REVIEW: The ordinary is extraordinary in PETA’s “Tagu-taguan Nasaan Ang Buwan?”


Philippine Educational Theater Association’s (PETA) Tagu-taguan Nasaan Ang Buwan?, treats audiences to a story — and a reminder — about what it means to have a child’s imagination.

Tagu-taguan is a musical that tells the story of Popoy, a young boy who goes with his father, Jeffrey, to take care of forgetful Lola Luna in her home. Popoy struggles to find something to amuse himself with. Against his father’s wishes, Lola Luna enthralls Popoy with stories of wonder and adventure. His imagination takes him to the land of stories, Saysay Lupalop, but finds it as Dilim Dilim Land, under the curse of Papaw Halimaw. It’s now up to Popoy to save Saysay Lupalop, and he journeys with the help of some interesting friends.

Old childhood stories create a new tale

Playwright J-mee Katanyag makes a witty spin-off of children’s stories into a new narrative. Characters from Ngo ang Dagang Patay, Ibong Adarna, Hans Christian Andersen’s The Little Match Girl, as well as Ismail at Isabel, and Batang Rizal become friends with Popoy in Dilim Dilim Land. Tagu-taguan is simple, easy to understand, and enjoyable for both kids and adults. Some dramatic scenes may come off as over-sentimental, like when Popoy sings about his shining heart or when Lola Luna reunites with the characters of the stories, however, it still tugs at heartstrings.

L-R: Ngo (Roi Calilang), Popoy (Albert Silos), Prinsesa Mina (Joan Bugcat)

Katanyag’s script is enhanced by Dudz Teraña’s direction. Teraña makes sure that the characters have distinct personalities so that everybody is balanced but unique in their own way. Ngo from Ngo ang Dagang Patay gave comic relief, Prinsesa Mina from Ibong Adarna was both an adviser and a devil’s advocate, and Match Girl from The Little Match Girl was anxious and fearful. Ismail and Isabel were always agitated, and Pepe and Pepito from Batang Rizal don’t have a care in the world and want to do nothing but play. Jeffrey was the serious and disconnected father, and Lola Luna was the forgetful but lovable grandmother full of stories to tell even in her old age. Popoy may be the protagonist, but the story is everybody’s, not just Popoy’s.

Transitions are not very seamless because “black out, change set, lights on” heighten anticipation and segment the show, making it choppy. However, lights and sounds are well-done, because these manage to set the mood and provoke emotion, like how the lights become red during the face-off with Papaw Halimaw, or how a single, tight spotlight is on Popoy during a big moment of realization. Sounds and music are are also smooth, minus one glitch that almost interrupted a song number.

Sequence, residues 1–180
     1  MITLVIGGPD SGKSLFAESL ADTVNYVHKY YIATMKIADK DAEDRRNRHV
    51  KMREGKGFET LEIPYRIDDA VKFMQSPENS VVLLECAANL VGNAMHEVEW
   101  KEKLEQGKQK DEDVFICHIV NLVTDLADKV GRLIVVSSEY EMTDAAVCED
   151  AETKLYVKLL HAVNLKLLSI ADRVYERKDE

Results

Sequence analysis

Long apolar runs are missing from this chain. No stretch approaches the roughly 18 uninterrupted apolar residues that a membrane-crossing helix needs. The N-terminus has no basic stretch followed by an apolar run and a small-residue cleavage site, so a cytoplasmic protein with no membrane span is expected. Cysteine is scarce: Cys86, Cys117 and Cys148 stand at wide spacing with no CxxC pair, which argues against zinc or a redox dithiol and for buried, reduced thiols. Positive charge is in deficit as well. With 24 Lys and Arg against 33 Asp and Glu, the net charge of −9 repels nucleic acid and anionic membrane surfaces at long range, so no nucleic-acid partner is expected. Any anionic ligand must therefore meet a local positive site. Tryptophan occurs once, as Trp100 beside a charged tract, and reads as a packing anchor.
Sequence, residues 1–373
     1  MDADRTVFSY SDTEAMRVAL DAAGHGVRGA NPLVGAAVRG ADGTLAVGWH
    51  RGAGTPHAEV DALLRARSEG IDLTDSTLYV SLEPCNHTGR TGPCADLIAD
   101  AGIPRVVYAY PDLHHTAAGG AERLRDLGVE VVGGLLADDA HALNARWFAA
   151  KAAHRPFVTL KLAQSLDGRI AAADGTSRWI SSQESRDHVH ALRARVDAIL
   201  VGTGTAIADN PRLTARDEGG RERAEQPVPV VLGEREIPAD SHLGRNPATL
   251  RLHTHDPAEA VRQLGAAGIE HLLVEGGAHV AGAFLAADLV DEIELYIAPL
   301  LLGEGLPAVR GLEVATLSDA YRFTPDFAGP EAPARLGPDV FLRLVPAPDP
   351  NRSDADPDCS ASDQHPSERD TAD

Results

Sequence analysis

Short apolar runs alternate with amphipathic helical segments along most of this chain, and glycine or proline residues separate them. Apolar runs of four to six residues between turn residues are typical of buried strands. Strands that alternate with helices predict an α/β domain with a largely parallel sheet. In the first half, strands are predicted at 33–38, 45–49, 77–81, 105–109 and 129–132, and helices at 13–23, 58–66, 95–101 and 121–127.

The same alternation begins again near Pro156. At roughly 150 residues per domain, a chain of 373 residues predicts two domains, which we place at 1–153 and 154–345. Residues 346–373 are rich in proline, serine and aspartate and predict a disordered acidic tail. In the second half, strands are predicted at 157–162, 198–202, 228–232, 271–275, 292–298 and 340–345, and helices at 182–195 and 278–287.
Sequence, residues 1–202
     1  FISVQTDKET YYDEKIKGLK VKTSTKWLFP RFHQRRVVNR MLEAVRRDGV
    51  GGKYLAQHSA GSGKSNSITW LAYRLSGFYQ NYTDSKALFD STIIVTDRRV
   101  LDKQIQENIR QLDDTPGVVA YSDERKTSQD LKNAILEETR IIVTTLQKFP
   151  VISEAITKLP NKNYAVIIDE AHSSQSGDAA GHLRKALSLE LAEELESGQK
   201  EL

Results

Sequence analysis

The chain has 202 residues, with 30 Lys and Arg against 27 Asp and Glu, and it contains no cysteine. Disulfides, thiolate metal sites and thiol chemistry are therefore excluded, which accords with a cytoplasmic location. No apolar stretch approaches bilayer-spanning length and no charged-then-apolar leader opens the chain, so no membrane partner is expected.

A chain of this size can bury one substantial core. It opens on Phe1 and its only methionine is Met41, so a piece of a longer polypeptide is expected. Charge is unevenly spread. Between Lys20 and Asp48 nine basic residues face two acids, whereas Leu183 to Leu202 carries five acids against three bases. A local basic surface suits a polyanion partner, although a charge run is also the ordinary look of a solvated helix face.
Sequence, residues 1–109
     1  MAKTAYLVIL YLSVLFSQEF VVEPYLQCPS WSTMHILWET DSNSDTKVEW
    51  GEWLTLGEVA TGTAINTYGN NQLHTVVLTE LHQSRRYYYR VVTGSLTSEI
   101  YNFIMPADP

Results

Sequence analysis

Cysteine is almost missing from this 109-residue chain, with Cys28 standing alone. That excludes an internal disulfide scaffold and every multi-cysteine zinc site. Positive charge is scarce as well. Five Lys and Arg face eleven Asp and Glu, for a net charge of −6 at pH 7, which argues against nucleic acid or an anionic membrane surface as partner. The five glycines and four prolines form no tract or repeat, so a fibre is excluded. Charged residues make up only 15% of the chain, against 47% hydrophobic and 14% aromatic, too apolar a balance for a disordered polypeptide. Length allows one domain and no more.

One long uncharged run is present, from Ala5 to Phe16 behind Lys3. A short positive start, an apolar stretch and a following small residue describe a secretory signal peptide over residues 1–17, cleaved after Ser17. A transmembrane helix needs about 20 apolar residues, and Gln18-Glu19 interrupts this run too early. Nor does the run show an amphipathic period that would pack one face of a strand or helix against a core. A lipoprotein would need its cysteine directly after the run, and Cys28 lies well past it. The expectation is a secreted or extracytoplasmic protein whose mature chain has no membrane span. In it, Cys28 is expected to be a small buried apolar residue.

Popoy (Albert Silos) and Match Girl (Yeyin Dela Cruz)

The stage as a realm of possibilities

A large moon is the backdrop which also doubles as a screen. Shadows and projections give vibrancy and layers to the show, but sometimes, it isn’t always clear why something is being projected at a certain time. What did the giant, blinking eyes on screen mean? Sometimes, images are also a bit difficult to make out because of how they are stylized. Is that a projection of a monster or a tree? All there is on stage are designed apple boxes, a few mobile set pieces, and the ever-present baul which references to popular children’s stories writer, Lola Basyang, who is Popoy’s ancestor. Since Tagu-taguan is meant to tour, set and props are kept at a minimum.

In the real world, the props are realistic; an actual wheelchair, an actual laptop. But, in Dilim Dilim Land, the props are imaginary. A matchstick is a sword, and a paper origami becomes a boat. Similarly, in the real world, characters just wear ordinary clothes. But, in Dilim Dilim Land, the costumes are colorful and absurd. Plastic bottles patched with gray cloth complete Ngo’s appearance, and a bright suit with words painted all over is what we see Pepe in. Papaw Halimaw’s costume is creative, built using plastic bottles and recyclables, and is used like a Chinese lion dance costume. It’s intimidating, effective in portraying the evil in Dilim Dilim Land, and deserves two thumbs up.

Actors take the cake in Tagu-taguan

The most remarkable aspect of Tagu-taguan are the actors. Albert Silos, playing Popoy, is a promising singer-actor and an endearing child-performer. Joann Co plays Lola Luna, and delivers a believable and nostalgic performance; the type that can awaken personal memories about one’s family. Roi Calilong as Ngo is a delight, making audiences laugh through his animation and his ability to improvise jokes. Calilong is an actor who definitely knows how to please an audience. Joan Bugcat is Prinsesa Mina who, because of Papaw Halimaw’s curse, suffers from a split personality disorder. Bugcat is sharp, and is able to sustain her energy and be consistent with keeping the distinction between Prinsesa Mina’s two personalities.

Popoy (Albert Silos) and Lola Luna (Joann Co)

John Moran, Angelo Lantaco, Raven Relavo, Yeyin Dela Cruz, Lemuel Silvestre, and Vic Robinson make up the rest of the cast, and each and every one proves to be a quality musical theater performer who certainly deserves recognition in their craft.

Stories and storytelling as a powerful weapon

For a child, Tagu-taguan teaches to imagine big and to have a heart to help others, because being a hero chooses no age. For an adult, the show is a reminder to still have fun and be optimistic amidst hardships. It teaches how to be a good parent, and also how to remain good to one’s parents.

Popoy (Albert Silos) and his father Jeffrey (John Moran)

Tagu-taguan shows how powerful a child’s imagination can be. It shows and unites the real and the imaginary by showing the ordinary and especially the extraordinary, because that’s how people — adult and child alike — should learn how to see the world.

You can buy tickets HERE.

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